The 84-year-old pope abandoned his Wednesday public audiences when coronavirus swept across Italy early last year, instead delivering them via video link from the Apostolic Library.

They resumed in September and October – not in St Peter’s Square but in the courtyard with a limited crowd of 500 – only to stop once again due to a fresh wave of infections.

The courtyard was not full Wednesday, but the 300 or so people who came expressed their joy at seeing the pope up close.

There was a cheer when he arrived inside the courtyard in a blue Ford. ‘Pope Francis, we’re with you!’ they shouted, standing on chairs to get a better view as he passed by.

 The courtyard was not full Wednesday, but the 300 or so people who came expressed their joy at seeing the pope up close

The 84-year-old pope abandoned his Wednesday public audiences when coronavirus swept across Italy early last year, instead delivering them via video link from the Apostolic Library. Pictured: The Pope signs a book of a worshipper on Wednesday

There was a cheer when he arrived inside the courtyard. ‘Pope Francis, we’re with you!’ they shouted, standing on chairs to get a better view as he passed by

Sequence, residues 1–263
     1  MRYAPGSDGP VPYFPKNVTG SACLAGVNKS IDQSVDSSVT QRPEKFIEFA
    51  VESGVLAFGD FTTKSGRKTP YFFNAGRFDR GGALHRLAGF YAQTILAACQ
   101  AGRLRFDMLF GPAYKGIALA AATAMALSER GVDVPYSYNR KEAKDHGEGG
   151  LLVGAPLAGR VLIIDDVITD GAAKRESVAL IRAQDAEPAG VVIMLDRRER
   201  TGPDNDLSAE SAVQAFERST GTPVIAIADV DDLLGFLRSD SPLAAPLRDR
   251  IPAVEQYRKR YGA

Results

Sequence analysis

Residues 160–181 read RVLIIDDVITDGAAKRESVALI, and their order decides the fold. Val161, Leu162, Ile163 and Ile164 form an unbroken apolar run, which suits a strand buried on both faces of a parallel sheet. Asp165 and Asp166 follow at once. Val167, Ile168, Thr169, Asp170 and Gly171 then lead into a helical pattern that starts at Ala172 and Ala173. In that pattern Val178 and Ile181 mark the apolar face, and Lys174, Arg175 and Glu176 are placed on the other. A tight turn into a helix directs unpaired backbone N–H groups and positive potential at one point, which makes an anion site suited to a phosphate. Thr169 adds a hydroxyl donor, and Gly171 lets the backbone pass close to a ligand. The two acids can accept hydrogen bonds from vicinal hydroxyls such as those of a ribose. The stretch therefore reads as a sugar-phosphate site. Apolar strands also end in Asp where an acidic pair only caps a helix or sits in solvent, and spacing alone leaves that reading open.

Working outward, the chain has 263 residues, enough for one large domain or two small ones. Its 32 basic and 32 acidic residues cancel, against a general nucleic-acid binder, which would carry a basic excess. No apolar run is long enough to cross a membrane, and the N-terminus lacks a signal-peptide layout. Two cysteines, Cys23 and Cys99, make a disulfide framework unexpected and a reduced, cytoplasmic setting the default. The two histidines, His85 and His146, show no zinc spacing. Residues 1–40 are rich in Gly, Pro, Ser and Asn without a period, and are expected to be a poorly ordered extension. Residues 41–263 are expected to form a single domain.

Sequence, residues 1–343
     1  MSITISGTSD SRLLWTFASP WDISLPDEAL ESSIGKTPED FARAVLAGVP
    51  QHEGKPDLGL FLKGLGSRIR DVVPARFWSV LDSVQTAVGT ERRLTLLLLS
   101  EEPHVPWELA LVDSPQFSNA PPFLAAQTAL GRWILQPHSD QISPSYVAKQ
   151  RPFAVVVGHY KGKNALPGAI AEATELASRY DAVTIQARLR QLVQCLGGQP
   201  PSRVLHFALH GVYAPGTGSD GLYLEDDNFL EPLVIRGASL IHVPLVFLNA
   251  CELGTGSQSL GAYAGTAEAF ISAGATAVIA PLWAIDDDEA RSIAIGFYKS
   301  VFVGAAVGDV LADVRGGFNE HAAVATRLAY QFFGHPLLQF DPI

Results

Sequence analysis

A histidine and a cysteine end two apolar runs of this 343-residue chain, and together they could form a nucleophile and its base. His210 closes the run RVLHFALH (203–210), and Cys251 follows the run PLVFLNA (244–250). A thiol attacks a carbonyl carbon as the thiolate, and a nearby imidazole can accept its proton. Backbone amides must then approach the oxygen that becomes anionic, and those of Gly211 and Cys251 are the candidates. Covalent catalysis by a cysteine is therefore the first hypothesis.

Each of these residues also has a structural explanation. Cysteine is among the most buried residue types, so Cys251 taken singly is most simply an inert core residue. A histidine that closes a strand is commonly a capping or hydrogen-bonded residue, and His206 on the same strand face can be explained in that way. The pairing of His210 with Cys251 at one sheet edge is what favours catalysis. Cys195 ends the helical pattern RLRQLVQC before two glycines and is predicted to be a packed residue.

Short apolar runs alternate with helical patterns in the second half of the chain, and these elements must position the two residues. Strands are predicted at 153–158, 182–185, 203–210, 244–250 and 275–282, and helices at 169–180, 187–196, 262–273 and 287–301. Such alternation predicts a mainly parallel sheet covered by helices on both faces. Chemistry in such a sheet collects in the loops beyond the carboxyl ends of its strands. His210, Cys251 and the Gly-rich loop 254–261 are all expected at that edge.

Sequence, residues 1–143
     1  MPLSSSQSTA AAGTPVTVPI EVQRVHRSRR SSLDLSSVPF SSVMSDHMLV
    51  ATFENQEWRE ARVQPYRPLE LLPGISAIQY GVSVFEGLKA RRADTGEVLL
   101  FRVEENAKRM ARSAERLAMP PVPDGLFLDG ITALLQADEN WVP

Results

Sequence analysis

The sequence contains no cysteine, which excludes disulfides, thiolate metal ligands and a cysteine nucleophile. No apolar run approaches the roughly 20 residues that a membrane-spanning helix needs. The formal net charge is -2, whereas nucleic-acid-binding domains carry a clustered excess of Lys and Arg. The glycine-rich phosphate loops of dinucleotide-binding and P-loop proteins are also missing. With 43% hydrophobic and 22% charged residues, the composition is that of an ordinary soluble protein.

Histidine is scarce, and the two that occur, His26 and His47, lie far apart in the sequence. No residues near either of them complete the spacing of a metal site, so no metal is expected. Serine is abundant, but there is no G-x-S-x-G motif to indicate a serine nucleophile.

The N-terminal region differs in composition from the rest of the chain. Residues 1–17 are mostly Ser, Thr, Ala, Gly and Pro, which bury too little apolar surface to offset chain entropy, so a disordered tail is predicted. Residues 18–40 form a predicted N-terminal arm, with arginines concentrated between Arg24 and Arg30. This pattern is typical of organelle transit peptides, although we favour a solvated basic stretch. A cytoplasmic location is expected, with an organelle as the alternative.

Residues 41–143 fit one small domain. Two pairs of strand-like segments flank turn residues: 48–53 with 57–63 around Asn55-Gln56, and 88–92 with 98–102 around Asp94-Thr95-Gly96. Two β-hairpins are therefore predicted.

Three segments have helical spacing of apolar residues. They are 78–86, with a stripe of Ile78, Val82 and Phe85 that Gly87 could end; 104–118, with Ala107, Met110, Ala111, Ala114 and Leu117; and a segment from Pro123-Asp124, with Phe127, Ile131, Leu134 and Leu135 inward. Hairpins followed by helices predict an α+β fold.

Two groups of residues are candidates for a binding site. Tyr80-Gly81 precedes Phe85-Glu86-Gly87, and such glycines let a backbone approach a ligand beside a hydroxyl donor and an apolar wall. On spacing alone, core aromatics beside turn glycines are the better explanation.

Pope Francis is handed a handmade hat by one of the faithful on Wednesday outside the Vatican

The pontiff smiles as he receives flowers by worshippers during his first public weekly address in six months on Wednesday

‘It was lovely, to see him so close – he wasn’t in a hurry, he took his time,’ said a nun from Rome who gave her name as Helene.

‘He was happy to be with the people.’

Thomas Viallon, 34, from Paris, added: ‘It was the first time weve seen the pope. We were really close. He seemed very close to the people.’     

The pope – who, alongside the Vatican delegation, has received a Covid-19 vaccination – began his ‘marathon’ month of prayer at the beginning of May with a special service in St Basilica where he prayed for the end of the pandemic.